This recipe is one of our family’s favorite cauliflower preparations. The girls love olives and capers (anything pickled actually) so I always overload one or the other into the roasting pan. The anchovies completely disappear in the roasting process, leaving behind tons of tangy flavor, nothing fishy. Throw in garlic too if you like. My goal is to also integrate dried chilies in the future, but I’m not sure how Talia will feel about that. This also makes for an excellent and easy Thanksgiving side dish.

Now if only I could rig a way to remotely preheat the oven so its ready exactly when I need it….


Prep time: 10 minutes

Total time: 40-50 minutes, depending on oven

Serves 4-6

Preheat oven to 425°.

Starting with two medium-sized cauliflower heads (preferably a mix of white, orange and/or purple), wash and cut the florets into bite-sized pieces. Spin or toss to dry a bit, then place into a roasting pan of choice. One hint here: in my oven, it will certainly take longer to cook this dish in a ceramic pan, as opposed to a baking sheet with parchment paper. So opt for the latter if you are in a rush.

Toss cauliflower pieces with a generous amount of olive oil, 1-3 tbsp. rinsed capers (amount based on personal preference), a head of garlic with the cloves separated (optional), a small handful of crumpled, dried chilies (optional), and 4-6 anchovy fillets torn into small bits.

Season generously with pepper before putting it in the oven but hold off on the salt until the vegetables are done. The anchovies inherently add a lot of salt.

Roast for 30-40 minutes, until caramelized and tender to the bite.

Ready for roasting!

Done, at last!

If you're feeling purple...

Note: If you prefer faster cooking time in exchange for a little more clean up, steam the cauliflower florets until they are just tender. This will cut the roasting time by at least 10 minutes if not longer (oven dependent).

Healthy, Delicious Banana Bread: Look No Further

I don’t know about your fruit bowl, but ours is regularly and inevitably graced with several overripe bananas at any given time. We are a household of picky banana eaters. Once they are past perfect, they are summarily ignored.

Lucky for us, Jonah has taken up the cause by perfecting this fantastic banana bread recipe over the last few years. Chock full of healthy ingredients, low in sugar, absolutely moist and delicious, it is always a treat and perfect for an afternoon snack. Try it out – it never lasts long around our house!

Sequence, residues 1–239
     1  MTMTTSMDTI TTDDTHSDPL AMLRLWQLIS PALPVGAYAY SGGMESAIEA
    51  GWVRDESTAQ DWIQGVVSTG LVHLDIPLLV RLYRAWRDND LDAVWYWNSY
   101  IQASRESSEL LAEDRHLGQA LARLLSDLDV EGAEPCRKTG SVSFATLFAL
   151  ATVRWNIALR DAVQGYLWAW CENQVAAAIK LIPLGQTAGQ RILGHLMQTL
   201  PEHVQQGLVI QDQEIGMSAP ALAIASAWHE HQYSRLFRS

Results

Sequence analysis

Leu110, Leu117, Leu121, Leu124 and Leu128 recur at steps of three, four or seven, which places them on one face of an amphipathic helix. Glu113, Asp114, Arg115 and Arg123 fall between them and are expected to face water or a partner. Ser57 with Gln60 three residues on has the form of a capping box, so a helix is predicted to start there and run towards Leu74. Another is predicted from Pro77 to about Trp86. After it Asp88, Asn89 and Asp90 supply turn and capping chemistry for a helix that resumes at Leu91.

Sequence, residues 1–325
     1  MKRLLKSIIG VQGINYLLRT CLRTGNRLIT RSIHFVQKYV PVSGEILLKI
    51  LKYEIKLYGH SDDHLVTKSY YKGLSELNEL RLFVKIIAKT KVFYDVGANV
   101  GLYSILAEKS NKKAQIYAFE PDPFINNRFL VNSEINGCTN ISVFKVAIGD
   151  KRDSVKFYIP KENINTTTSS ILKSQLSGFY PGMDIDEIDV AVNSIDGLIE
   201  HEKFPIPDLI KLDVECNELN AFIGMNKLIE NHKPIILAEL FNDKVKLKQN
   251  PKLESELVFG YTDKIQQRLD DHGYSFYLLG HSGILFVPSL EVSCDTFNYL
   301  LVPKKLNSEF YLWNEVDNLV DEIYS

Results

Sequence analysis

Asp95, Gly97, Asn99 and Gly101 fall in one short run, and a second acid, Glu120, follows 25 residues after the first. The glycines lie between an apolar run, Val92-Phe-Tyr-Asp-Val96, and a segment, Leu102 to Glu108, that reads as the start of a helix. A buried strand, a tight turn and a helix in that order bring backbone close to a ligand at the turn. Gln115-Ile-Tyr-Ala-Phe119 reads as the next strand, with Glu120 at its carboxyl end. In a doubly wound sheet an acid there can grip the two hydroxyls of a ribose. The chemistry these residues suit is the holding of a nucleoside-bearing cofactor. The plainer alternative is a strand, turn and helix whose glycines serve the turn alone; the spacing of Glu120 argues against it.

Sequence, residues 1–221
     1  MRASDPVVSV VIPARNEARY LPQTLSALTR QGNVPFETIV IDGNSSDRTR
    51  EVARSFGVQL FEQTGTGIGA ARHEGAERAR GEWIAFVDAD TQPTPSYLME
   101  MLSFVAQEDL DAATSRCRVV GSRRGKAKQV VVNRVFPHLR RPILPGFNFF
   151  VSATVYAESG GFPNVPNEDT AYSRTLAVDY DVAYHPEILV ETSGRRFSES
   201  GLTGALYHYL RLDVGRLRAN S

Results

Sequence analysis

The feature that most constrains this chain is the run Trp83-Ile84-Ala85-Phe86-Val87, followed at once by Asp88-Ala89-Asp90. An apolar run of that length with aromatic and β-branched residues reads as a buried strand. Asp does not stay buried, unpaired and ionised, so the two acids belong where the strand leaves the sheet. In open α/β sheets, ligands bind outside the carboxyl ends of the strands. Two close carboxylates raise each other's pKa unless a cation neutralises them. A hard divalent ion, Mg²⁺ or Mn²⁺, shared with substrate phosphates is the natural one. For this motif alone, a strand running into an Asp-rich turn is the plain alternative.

Of course what I appreciate most is how quick and easy this recipe is. In no time, these:

mixed with a few ingredients, including:


You combine with:

And end up with this!


Prep time: 15 minutes

Total time: 1 hour, 15 minutes


  • 3/4 sugar
  • 1/2 cup butter OR 1/4 cup butter plus 1/4 cup applesauce
  • 1 cup mashed bananas ( 2 ripe bananas)
  • 2 eggs
  • 1/2 cup whole yogurt
  • 1.5 cups whole wheat flour (or split between whole wheat and white flour)
  • 1 tsp. baking soda
  • 1 tsp. vanilla
  • 1/4 tsp. salt
  • 1/2 cup chocolate chips
  • 1/2 walnuts (optional)
  • 1/4 cup unsweetened coconut flakes
  • Optional: 1/4 cup flax seeds, 1/2-1 cup diced apples

Preheat oven to 350°. Combine dry ingredients (flour, baking soda and salt) into a medium-sized bowl, sifting if desired. Using a mixer, cream butter, applesauce (if using) and sugar until well blended. Add eggs one at a time, then vanilla and bananas. Add dry ingredients and yogurt in batches, about 1/3 of each at a time. Be careful not to overmix! Now throw in whatever combination of “mix-ins” you like – this is where the chocolate chips, nuts, coconut, flax seeds, etc., come in. Mix gently and transfer into buttered bread pan.

Bake for about 1 hour, with a serious caveat: check using a toothpick at the 50 minute mark, as it is often done early. The bread is ready if the toothpick comes out very slightly moist, but it shouldn’t have any batter sticking to it. Be sure not to over-bake, it will dry out the banana bread and compromise the result.